John McKay's week had begun in the gloom of Southern California's 45-20 loss to UCLA. The slight, white-haired coach looked as if his world had ended. In the dressing room his face was blank, his cigar unlit. Behind lay four defeats and a tie for a team that should have been one of the best in all college football. Ahead lay undefeated Notre Dame, favored by nearly two touchdowns to give McKay the coup de gr�ce. To optimists who brought up the narrow margins by which Notre Dame had scored its most recent victories over Georgia Tech and LSU, McKay said, "Of course, Notre Dame isn't as good as everybody says they are. They're better than that."
To a photographer who arrived on Tuesday for a shooting date, McKay said, "Why don't you go across town and shoot Tom Prothro. No one wants me after that loss."
When the Trojan offensive guards failed to boom the defensive unit out in practice, McKay charged at them. He made like a blocker—all 160 pounds of him. "This is how you do it," he yelled.
McKay woke up Saturday staring at black clouds and a bit of mist and listening to a forecast of driving rain by midmorning. It was still only misting several hours later when he walked over to chat with Ara Parseghian as SC and the Irish awaited their TV introductions, but rain was falling as the Irish took the kickoff—and then drove 80 yards to a touchdown in 12 plays.
With McKay nervously prowling the sidelines, Troy took its first shot. Clarence Davis went up the gut. Then a swing pass to Charlie Evans got 19. SC kept moving and finally Davis slashed through Notre Dame's Bob Neidert on the goal line to score. Troy was even, and then suddenly ahead after shackling the Irish and marching 51 yards. McKay lost some of his Forest Lawn look.
"Speed's the difference," said a scout sitting up in the press box close to Arkansas' Frank Broyles and Texas' Darrell Royal, one of whom will take on the Irish in the Cotton Bowl. "Speed's on the Trojans' side."
Royal thought maybe emotion was the difference. "It can close an unbelievable gap," he said. "When that adrenalin flows you get there faster, you jump higher, you dive deeper and you even come up dryer."
Some tender California fans ducked out of the rain before the quarter ended and missed Troy's third touchdown—a brilliant, you might say emotional, catch by Sam Dickerson of a 45-yard bomb from Quarterback Jimmy Jones. It was down in "Dickerson corner," the northwest slice of the Coliseum field where almost a year before a similar catch had blown Dennis Dummit and UCLA out of the Rose Bowl picture. Now John McKay and Co. began soaring to a high that hasn't ended yet, for they not only went on to defeat the Irish 38-28 but did so despite an astonishing show by Joe Theismann: 33 completions in 58 attempts for 526 yards.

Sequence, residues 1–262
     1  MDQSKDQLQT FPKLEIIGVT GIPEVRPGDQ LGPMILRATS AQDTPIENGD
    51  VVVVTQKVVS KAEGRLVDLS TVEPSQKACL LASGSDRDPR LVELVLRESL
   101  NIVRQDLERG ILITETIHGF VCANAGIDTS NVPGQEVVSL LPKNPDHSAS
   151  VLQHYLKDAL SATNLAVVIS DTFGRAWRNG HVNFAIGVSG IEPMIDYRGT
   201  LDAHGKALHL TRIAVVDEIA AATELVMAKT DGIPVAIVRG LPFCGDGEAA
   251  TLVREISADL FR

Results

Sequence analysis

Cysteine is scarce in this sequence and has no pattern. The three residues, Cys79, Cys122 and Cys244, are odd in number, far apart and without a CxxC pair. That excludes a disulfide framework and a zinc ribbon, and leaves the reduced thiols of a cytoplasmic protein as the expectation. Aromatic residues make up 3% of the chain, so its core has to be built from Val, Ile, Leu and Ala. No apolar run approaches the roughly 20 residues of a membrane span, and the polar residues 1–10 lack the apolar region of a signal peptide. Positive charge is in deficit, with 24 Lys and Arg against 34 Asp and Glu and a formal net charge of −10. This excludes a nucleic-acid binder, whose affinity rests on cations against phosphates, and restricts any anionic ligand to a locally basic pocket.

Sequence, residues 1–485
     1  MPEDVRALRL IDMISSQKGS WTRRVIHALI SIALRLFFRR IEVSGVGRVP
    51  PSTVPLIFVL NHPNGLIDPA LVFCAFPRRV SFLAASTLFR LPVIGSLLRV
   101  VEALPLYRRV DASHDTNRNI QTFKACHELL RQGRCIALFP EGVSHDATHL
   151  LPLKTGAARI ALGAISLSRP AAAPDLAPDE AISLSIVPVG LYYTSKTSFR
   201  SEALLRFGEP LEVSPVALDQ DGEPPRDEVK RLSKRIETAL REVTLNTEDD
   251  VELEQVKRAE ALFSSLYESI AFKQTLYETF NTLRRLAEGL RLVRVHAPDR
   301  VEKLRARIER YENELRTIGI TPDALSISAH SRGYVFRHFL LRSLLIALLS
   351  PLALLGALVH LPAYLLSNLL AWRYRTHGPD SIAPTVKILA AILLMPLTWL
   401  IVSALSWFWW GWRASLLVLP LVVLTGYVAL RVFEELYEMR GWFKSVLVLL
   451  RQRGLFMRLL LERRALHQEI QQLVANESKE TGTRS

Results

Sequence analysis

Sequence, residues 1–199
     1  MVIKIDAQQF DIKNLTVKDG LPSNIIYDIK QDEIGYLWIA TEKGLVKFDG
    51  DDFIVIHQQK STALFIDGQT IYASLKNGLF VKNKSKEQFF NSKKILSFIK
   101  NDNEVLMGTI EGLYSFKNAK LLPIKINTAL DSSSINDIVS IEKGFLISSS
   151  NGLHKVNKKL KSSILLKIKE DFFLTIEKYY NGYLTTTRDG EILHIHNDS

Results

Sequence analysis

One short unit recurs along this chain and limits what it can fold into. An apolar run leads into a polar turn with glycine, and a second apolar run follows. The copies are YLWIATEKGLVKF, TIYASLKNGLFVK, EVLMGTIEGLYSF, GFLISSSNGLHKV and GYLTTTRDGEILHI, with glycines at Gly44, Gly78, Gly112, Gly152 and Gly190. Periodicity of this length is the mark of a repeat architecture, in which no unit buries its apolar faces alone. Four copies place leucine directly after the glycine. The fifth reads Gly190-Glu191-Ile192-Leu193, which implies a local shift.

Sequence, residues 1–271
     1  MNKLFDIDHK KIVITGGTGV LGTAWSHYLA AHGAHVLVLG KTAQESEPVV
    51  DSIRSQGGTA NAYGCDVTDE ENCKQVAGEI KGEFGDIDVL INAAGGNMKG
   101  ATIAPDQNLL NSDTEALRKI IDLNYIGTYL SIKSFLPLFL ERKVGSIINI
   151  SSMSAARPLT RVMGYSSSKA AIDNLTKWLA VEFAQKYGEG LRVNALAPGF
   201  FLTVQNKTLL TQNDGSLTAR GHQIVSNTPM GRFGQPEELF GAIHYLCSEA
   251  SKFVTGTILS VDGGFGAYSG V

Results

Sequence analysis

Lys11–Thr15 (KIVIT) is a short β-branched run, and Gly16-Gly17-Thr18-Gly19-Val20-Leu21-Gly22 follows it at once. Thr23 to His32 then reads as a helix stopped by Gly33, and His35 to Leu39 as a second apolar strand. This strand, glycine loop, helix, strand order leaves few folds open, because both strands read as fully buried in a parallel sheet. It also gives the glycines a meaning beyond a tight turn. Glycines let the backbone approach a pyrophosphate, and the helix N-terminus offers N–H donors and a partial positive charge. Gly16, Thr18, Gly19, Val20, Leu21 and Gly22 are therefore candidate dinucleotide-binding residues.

Sadly for Theismann, SC picked off four of his passes and, more damaging, got two quick, cheap third-quarter touchdowns—one on a fumble in the end zone by Joe, another when SC Tackle Pete Adams plopped on teammate Mike Berry's fumble. Berry's came first. The ball slithered around for seconds among Irish defenders before Adams cuddled it to his belly in the end zone, and after Theismann's fumble Notre Dame needed miracles. They were not forthcoming, although the Irish scored twice more.
McKay shuddered at what might have happened if it had been dry, if Theismann had had a field to his liking. As it was, the skinny senior's passing performance in Saturday's deluge was fabulous. It would have been fabulous in any weather. Theismann's yardage was only 28 off the NCAA single-game record established by Greg Cook of Cincinnati against Ohio U. in 1968. It was the heaviest aerial attack in Troy's history, obliterating the record of 401 yards set by Ron VanderKelen of Wisconsin in the 1963 Rose Bowl game. It also shattered the Irish game mark of 366 by Terry Hanratty against Purdue in 1967.